The NHS has delivered a record number of potentially lifesaving tests and checks with over 25 million carried out in the last year, new data shows.
Figures released this week show NHS staff delivered more than 25 million checks (25,377,280 August – July) in a year for patients – two million more compared to the same period before the pandemic (23,279,609 to July 2019).
Compared to the same period a decade ago, there has been an almost 50% increase – with 17 million carried out in in the same period in 2013 (17,256,061).
The announcement comes as four new one-stop shops for testing are set to open in England, joining 118 centres already operating in local communities. Centres like Wood Green and Barnsley Glass Works are up and running in shopping centres, making it as convenient as possible for people to get checked.
The approval of the four new community diagnostic centres – two in Wiltshire, one in Thanet and one in Cheshire – will add to the 168 one-stop shops that are already approved.
These centres are playing a key role in carrying out record numbers of tests and checks, with patients able to get tested at convenient locations as close to peoples’ homes. Staff have now delivered more than five million tests and checks at the local hubs.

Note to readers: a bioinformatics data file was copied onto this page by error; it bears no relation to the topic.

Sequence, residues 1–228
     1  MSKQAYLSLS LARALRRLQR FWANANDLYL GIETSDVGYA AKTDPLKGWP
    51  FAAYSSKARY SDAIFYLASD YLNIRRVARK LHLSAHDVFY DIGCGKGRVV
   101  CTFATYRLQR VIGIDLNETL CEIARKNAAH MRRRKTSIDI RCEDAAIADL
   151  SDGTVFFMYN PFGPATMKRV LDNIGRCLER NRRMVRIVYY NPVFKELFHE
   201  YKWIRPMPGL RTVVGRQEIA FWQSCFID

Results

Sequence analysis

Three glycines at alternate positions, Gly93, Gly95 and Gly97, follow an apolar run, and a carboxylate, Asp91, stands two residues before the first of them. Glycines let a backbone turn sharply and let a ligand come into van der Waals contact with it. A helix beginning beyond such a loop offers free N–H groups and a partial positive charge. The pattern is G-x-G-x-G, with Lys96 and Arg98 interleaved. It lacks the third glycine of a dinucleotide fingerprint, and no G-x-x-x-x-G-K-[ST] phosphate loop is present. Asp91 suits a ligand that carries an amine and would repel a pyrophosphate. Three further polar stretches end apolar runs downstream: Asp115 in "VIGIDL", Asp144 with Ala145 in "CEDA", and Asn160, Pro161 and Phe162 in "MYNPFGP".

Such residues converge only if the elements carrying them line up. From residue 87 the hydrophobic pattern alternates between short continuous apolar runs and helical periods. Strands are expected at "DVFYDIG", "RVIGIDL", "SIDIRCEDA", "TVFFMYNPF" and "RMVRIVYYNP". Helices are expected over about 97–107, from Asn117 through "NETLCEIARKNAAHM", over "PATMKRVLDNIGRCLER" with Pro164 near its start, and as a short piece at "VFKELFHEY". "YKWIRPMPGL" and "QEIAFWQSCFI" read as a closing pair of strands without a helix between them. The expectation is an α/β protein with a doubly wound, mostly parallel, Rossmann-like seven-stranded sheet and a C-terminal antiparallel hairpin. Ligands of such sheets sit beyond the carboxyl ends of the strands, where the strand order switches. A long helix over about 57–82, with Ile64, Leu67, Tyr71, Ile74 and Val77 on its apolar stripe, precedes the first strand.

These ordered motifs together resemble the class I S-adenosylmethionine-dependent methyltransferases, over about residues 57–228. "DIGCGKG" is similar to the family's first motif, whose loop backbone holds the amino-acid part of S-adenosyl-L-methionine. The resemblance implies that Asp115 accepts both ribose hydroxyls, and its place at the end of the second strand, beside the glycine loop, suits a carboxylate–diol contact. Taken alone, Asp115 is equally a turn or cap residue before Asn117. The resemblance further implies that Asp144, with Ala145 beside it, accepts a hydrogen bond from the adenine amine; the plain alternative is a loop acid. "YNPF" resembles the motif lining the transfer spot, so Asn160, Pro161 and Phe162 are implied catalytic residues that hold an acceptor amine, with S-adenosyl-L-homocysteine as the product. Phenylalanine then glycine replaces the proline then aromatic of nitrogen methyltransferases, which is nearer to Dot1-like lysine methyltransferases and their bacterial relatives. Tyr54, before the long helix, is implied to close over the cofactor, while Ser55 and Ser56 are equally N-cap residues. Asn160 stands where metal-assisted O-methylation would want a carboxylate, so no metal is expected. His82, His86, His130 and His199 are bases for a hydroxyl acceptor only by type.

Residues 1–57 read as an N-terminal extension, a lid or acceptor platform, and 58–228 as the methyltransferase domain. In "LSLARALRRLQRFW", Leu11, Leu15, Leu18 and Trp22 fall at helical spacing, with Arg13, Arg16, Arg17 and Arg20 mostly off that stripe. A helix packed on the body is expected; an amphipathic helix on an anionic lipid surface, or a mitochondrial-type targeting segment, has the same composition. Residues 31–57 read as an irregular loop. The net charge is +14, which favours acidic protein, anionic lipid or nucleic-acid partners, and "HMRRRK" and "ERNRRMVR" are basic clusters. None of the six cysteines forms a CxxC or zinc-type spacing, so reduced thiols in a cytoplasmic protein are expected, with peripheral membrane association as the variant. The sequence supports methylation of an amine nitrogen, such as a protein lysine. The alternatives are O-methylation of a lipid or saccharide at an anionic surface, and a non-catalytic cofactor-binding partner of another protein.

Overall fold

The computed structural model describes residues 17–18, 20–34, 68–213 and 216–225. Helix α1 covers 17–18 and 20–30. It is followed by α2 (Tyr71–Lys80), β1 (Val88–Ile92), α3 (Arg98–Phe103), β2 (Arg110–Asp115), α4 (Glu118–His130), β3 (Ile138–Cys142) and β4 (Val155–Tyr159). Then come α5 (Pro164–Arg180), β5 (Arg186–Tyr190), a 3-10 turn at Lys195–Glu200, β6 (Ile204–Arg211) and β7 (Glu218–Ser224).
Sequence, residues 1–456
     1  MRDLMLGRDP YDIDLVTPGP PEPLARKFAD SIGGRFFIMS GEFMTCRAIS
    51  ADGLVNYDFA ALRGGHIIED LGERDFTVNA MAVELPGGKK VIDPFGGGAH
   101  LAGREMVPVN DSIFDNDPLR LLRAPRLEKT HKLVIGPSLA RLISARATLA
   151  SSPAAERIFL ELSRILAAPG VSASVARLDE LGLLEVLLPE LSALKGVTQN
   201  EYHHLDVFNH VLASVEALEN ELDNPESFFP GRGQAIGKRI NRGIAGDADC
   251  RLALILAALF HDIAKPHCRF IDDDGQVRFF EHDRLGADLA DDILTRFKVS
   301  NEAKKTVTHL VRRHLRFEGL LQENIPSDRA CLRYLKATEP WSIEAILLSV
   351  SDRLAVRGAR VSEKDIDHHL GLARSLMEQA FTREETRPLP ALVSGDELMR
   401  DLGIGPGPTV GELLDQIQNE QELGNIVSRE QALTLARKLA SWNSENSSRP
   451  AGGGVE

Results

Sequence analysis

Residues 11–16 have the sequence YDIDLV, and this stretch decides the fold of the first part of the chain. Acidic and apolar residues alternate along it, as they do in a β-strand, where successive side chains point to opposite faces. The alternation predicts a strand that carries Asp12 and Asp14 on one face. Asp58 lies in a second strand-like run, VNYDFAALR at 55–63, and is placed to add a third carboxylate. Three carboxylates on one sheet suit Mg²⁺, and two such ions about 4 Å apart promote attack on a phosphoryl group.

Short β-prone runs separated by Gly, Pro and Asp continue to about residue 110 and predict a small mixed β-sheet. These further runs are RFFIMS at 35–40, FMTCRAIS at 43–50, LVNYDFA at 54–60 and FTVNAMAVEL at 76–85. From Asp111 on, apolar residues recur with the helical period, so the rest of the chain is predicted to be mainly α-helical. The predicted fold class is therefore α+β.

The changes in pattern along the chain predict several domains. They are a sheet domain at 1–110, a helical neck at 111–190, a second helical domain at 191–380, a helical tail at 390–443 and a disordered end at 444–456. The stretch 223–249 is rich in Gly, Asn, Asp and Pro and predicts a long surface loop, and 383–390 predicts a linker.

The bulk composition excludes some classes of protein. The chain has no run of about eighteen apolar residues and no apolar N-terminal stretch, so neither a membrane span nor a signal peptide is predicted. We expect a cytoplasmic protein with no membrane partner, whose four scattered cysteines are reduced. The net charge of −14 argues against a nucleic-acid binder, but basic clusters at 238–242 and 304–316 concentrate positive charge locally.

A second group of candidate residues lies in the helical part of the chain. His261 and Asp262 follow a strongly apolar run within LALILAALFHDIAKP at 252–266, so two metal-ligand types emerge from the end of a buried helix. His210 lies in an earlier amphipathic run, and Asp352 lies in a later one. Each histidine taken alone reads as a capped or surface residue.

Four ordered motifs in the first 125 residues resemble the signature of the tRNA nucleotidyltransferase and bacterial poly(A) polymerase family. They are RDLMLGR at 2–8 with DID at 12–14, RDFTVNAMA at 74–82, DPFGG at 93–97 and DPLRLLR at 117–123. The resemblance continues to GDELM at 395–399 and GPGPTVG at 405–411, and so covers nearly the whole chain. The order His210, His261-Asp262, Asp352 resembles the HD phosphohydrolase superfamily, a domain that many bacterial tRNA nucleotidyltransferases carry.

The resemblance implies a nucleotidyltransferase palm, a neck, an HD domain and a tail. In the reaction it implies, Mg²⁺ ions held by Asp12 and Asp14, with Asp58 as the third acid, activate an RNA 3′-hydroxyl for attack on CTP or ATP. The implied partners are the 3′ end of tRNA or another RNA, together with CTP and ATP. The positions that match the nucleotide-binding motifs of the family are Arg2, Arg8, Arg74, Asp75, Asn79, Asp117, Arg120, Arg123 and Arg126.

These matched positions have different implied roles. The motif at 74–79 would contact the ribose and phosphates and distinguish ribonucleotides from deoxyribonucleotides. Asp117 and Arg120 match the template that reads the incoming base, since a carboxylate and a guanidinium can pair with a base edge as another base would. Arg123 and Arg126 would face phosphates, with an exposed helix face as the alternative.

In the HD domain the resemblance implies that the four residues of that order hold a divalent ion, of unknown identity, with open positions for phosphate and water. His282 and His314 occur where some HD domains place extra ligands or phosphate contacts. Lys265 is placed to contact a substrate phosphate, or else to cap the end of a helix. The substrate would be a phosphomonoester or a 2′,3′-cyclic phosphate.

Health and Social Care Secretary Steve Barclay said: “Thanks to these one-stop shops and other diagnostic centres, the NHS delivered two million extra potentially life-saving tests, scans and checks this year, helping to reduce waiting times and speed up treatments for people.
“This is part of our plan to use every available resource to improve access to health services for patients and ease pressure on the NHS”.
Every month this year so far has seen record activity for diagnostic tests, with the hard work and innovation of NHS staff ensuring more people are being checked than ever before.
Overall, there were a total of 2.2 million tests and checks carried out in July of this year – up 12% on last year (1.97 million in July 2022) and up by more than two fifths from 1.6 million in June 2013. Of these, CT scans were the most used form of check last month, making up almost a third (30.8%) of all diagnostic activity in July.
The average waiting time for diagnostic tests has fallen from almost nine weeks at the peak of the pandemic (8.6 in May 2020) to just 3.1 weeks in July.
More people than ever before are getting checked for cancer with 263,696 urgent referrals for cancer in July – the highest ever for that month and the second highest on record.
Over the last year, there have been almost three million cancer checks (2,946,132 referrals between August 2022 and July 2023) and in July, 27,641 people started treatment for cancer, with more than nine in 10 beginning within one month.